Fuel to the Fire: Natural Disasters and the Duration of Civil Conflict
Do natural disasters prolong civil conflict? Or are disasters more likely to encourage peace as hostilities diminish when confronting shared hardship or as shifts in the balance of power between insurgents and the state hasten cessation? To address these questions, this study performs an event history analysis of disasters’ impact on the duration of 224 armed intrastate conflicts occurring in 86 states between 1946 and 2005. I contend that natural disasters increase conflict duration by decreasing the state’s capacity to suppress insurgency, while reinforcing insurgent groups’ ability to evade capture and avoid defeat. First, disasters’ economic impact coupled with state financial outlays for disaster relief and reconstruction, reduce resources available for counterinsurgency and nation building in conflict zones. Second, the military’s role in administering humanitarian assistance can reduce the availability of troops and military hardware for counterinsurgency, prompt temporary ceasefires with insurgents, or both. Third, natural disasters can cause infrastructural damages that disproportionately hinder the state’s capacity to execute counterinsurgency missions, thereby making insurgent forces more difficult to capture and overcome. The combination of these dynamics should encourage longer conflicts in states with higher incidence of disaster. Empirical evidence strongly supports this contention, indicating that states with greater disaster vulnerability fight longer wars.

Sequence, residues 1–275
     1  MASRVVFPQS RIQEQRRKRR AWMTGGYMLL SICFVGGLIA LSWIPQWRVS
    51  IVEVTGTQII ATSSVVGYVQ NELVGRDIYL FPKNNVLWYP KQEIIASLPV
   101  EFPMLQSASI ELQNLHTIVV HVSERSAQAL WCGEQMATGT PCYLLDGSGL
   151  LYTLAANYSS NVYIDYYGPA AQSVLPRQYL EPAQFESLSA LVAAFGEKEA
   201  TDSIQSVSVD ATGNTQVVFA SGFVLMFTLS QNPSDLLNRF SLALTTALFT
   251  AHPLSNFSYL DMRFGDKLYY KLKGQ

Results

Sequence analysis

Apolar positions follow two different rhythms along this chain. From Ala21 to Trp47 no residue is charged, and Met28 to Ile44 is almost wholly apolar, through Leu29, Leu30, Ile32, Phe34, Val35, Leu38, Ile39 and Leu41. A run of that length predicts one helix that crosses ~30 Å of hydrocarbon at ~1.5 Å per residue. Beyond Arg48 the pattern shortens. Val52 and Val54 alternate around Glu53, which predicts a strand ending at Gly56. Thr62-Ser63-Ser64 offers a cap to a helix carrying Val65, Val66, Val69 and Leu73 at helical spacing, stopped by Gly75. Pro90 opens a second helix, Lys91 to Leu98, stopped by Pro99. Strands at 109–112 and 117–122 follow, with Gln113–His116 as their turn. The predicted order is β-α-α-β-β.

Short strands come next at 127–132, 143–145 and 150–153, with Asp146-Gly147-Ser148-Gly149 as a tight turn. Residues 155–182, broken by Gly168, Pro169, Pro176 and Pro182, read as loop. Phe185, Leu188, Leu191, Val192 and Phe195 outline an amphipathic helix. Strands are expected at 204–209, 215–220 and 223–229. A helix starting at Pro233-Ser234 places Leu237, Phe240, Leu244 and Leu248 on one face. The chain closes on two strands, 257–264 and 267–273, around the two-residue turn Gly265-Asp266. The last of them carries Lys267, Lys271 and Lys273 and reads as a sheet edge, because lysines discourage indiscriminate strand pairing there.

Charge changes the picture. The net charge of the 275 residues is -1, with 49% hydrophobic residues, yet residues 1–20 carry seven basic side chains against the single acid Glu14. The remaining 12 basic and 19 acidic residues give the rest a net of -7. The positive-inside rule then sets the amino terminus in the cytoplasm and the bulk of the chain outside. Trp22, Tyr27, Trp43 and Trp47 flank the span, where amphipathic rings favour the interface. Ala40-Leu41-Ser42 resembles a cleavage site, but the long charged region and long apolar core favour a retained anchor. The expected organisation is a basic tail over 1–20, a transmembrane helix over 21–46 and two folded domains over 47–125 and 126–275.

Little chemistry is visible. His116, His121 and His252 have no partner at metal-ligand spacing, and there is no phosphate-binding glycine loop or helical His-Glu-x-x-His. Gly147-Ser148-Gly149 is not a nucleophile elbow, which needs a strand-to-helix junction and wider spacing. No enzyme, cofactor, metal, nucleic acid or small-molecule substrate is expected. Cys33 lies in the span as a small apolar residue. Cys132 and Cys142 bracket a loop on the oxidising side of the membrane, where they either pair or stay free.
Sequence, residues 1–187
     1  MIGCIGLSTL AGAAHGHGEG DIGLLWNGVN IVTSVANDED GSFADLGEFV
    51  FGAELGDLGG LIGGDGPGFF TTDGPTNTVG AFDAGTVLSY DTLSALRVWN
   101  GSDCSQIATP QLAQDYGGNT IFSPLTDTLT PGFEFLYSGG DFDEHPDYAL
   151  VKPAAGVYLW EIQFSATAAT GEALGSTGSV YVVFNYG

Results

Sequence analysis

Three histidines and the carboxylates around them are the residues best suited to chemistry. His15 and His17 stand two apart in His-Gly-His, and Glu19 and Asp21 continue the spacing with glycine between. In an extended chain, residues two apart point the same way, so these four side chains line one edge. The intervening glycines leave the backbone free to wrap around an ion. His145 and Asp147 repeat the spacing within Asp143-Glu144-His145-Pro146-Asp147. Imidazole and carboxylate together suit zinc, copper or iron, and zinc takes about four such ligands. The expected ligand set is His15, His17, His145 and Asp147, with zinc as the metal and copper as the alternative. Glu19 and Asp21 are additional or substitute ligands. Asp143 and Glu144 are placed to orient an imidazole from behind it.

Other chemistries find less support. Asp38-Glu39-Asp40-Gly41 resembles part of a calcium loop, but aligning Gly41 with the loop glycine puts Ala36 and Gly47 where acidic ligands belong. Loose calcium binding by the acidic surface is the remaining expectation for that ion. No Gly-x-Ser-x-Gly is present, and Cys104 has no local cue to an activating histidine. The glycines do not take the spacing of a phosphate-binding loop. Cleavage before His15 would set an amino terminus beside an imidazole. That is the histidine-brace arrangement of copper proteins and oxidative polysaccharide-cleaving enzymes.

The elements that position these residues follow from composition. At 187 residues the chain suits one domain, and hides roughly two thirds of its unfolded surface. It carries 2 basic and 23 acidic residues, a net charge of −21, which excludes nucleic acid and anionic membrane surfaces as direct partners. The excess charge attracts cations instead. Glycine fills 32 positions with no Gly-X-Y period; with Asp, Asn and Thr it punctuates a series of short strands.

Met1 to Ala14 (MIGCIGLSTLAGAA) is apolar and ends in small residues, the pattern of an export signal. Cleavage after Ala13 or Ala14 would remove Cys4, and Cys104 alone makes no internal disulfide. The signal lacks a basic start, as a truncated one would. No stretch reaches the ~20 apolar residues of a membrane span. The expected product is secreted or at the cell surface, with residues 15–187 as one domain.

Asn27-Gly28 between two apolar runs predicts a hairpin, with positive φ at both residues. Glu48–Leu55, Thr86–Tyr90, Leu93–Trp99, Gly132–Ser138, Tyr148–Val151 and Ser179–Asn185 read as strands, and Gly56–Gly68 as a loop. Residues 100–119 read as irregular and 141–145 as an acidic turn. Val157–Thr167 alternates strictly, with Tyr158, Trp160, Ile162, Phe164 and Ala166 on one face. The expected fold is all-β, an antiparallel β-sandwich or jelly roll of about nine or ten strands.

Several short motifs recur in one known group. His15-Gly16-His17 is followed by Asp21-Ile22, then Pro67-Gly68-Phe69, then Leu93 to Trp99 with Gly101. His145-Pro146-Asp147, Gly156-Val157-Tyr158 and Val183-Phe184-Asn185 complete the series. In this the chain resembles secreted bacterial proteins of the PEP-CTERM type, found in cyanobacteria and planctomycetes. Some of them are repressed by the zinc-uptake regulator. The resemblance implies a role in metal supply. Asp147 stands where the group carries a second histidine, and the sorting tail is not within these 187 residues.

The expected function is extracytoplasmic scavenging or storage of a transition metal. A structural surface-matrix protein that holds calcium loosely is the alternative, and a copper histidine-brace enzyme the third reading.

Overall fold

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Eastin, J. (2016). Fuel to the fire: Natural disasters and the duration of civil conflict. International Interactions, 42(2), 322-349.